Synovitis is present in 90% of painful knees, and emerging data is showing that this inflammation is "not just a bystander" in osteoarthritis-induced damage. Research is revealing the roles of macrophages and T-cells, and signposts toward new drug targets.
Synovitis is present in 90% of painful knees, and emerging data is showing that this inflammation is "not just a bystander" in osteoarthritis-induced damage, said orthopedist-researcher Babak Moradi MD of the University of Heidelberg. But the identity of the relevant cells and the time frame of their actions have been unknown.
Presentations at the meeting of the Osteoarthritis Research Society International
have resolved some of this uncertainty, and may suggest routes to new treatment options.
A major new insight was that, as in rheumatoid arthritis, macrophages were present in two-thirds of knees with osteoarthritis (OA) and also frequently associated with pain in the shoulders, hands, and feet of these patients with knee OA. This information, from studies using a technecium 99-labeled folate marker for imaging studies employing single-photon emission computed tomography (SPECT/CT), constitutes the first direct in vivo evidence for macrophage involvement in humans with OA, said Virginia Byers Kraus MD PhD, professor of medicine at Duke University, speaking for a team that included researchers from Purdue University and Eli Lilly.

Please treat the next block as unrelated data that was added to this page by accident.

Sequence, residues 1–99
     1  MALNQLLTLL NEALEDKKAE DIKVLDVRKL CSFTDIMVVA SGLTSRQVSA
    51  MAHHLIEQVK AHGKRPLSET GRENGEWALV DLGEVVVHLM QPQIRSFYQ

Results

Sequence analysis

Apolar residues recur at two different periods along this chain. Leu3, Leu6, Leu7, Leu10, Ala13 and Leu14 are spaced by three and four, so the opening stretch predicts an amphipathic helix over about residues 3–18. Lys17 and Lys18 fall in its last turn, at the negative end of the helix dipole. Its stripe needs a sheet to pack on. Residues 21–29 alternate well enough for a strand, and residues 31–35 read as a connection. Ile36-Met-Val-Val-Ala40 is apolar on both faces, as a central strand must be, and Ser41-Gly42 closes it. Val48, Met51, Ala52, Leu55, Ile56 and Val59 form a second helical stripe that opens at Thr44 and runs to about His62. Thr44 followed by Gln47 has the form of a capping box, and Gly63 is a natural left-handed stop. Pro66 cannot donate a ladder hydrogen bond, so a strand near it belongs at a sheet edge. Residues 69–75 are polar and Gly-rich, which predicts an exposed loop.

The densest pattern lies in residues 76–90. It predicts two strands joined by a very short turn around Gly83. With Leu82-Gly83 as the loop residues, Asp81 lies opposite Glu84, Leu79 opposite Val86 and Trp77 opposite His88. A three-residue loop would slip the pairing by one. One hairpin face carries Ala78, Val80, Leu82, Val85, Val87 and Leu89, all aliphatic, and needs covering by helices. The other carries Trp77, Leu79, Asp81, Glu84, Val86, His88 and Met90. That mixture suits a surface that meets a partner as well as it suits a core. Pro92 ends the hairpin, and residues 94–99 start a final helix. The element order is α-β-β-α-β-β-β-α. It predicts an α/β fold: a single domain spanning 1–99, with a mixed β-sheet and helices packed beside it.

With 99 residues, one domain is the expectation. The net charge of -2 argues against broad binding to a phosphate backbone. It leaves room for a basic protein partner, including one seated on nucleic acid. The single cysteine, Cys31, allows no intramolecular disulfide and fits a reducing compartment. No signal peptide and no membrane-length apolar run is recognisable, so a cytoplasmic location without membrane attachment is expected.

The tests also revealed significant associations between the macrophage marker signal on imaging and the presence of joint space narrowing, osteophytes, and symptoms, Byers Kraus said. Drugs that target macrophages or inflammatory pathways associated with them may be found useful for OA.
In a related study, working with Duke's Hikmat Daghestani PhD, Kraus found that cell-surface biomarkers shed from activated macrophages may prove useful to identify subtypes of OA patients with active, ongoing inflammation.
Moradi and his team have used flow cytometry to study the emergence and patterns of the entire population of mononuclear cells during synovial fluid changes after knee injury, using the well-accepted mouse model for OA, the microsurgical DMM (destabilization of the medial meniscus), compared with a sham procedure and with non-operated controls.
"The sham was quite traumatic," said Moradi. "We touched the ligaments and the meniscus; we just didn't sever it." Nonetheless the team saw significant differences between the two procedures in synovial tissues stained with markers for T cells, macrophages, and monocytes.
Although there were rapid increases in mononuclear cells of all types after either procedure, a striking difference emerged over time. A peak in T-cell activity four to five weeks after surgery was larger and more sustained for the DMM group. After eight weeks post-procedure the T cells, particularly the subtype CD4, persisted only in the mice with true meniscal damage.
The pattern is significantly different from that seen in would healing but is reminiscent of changes in human OA, Moradi said, and suggests that the depletion of synovial T cells may also offer a new treatment option for OA.